- Dynamic Logic in Natural Language
- Book title
- The Routledge Companion to Philosophy of Language
- Pages (from-to)
- New York: Routledge
- ISBN (electronic)
- Routledge Philosophy Companions
- Document type
- Interfacultary Research Institutes
- Institute for Logic, Language and Computation (ILLC)
Standard first-order logic defines truth in a three-part scheme: a language, structures D of objects with relations and operations, and maps from language to structures that drive semantic evaluation. In particular, “interpretation functions” I map predicate letters to real predicates, while variable assignments s map individual variables to objects. Logicians often lump D and I together into a “model” M, and then interpret formulas:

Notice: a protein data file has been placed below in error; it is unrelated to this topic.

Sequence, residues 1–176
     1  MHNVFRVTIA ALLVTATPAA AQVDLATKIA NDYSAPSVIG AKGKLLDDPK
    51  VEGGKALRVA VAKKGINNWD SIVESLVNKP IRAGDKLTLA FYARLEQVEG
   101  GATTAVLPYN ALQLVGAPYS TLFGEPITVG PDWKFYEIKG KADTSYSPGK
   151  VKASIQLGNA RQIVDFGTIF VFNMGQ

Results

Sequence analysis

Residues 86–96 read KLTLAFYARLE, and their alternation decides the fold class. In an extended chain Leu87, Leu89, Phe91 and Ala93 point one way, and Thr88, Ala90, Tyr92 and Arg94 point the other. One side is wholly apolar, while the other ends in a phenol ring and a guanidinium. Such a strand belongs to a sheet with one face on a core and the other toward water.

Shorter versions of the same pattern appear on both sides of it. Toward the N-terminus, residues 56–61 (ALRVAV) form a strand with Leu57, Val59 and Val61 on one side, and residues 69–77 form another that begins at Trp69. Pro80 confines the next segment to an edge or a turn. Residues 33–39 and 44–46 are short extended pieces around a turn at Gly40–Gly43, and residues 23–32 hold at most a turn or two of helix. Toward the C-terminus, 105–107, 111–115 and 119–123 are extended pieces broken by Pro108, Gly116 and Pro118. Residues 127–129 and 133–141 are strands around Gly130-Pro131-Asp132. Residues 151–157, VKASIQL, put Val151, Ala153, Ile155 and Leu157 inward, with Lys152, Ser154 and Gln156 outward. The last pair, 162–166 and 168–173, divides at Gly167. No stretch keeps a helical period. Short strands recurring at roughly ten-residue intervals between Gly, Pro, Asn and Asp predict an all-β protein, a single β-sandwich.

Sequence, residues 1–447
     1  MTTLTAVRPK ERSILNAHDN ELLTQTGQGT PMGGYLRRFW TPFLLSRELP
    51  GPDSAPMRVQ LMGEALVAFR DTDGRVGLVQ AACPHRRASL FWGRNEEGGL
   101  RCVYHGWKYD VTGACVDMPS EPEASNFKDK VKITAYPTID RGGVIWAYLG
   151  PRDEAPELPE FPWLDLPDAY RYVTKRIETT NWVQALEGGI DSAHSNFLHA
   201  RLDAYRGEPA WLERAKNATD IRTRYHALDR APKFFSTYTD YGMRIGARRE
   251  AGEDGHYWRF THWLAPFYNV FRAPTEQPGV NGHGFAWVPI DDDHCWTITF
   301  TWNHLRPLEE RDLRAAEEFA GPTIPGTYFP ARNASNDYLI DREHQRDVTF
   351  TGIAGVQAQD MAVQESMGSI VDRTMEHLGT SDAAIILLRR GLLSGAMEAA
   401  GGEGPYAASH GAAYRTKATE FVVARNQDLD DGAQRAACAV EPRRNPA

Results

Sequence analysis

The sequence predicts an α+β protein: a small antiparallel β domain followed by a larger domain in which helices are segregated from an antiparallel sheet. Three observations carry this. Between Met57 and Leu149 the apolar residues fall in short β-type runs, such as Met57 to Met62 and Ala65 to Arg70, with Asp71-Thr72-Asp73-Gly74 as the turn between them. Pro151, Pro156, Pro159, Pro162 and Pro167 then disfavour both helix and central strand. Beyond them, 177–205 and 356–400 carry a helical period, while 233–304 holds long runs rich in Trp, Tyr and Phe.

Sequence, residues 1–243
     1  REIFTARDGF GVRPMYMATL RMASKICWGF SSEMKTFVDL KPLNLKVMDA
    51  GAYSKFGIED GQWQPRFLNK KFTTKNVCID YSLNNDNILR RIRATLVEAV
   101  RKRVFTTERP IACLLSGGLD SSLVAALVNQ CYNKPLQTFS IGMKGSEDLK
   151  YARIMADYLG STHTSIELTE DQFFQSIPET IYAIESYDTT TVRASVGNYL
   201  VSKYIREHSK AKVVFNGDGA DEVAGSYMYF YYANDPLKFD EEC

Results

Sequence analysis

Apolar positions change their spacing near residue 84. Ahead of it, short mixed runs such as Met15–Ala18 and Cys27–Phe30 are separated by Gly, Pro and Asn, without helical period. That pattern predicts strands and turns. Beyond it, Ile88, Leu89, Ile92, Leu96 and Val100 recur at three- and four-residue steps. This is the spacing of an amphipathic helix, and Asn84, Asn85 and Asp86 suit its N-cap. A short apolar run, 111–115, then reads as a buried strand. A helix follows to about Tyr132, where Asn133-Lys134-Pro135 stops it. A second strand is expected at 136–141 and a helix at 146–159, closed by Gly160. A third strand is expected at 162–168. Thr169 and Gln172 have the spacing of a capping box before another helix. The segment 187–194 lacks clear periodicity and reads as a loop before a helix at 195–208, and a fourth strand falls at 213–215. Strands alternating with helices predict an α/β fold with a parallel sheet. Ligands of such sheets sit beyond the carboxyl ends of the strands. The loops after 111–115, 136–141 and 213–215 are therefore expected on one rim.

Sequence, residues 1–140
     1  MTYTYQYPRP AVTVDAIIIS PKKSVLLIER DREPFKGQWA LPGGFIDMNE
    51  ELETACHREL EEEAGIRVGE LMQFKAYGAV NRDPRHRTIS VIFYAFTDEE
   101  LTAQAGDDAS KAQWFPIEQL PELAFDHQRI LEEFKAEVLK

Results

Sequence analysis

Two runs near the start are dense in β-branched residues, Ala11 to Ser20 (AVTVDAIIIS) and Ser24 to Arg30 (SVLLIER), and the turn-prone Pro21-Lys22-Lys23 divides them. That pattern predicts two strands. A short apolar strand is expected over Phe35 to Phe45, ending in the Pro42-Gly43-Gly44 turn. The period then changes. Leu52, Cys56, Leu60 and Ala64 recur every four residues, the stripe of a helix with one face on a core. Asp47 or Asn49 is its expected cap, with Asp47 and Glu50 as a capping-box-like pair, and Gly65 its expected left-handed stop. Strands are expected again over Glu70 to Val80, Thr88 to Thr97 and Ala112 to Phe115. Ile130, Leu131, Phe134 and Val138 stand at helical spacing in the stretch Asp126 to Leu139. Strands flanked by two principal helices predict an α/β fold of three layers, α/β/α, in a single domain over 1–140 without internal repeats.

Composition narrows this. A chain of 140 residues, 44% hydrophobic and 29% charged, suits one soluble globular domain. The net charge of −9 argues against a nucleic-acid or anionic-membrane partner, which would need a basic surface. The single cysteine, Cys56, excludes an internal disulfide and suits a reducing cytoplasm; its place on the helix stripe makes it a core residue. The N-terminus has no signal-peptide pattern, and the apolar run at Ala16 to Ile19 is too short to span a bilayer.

formula M is true in model M under assignment s (M, s |= M) with a recursive definition matching syntactic construction steps with semantic operations for connectives and quantifiers. This pattern has been applied to natural language since Montague 1974, stating under which conditions a sentence is true. Compositional interpretation in tandem with syntactic construction works even beyond logical and natural languages: it is also a well-known design principle for programs (van Leeuwen 1990). And the paradigm finds an elegant mathematical expression in universal algebra and category theory.
- Final publisher version
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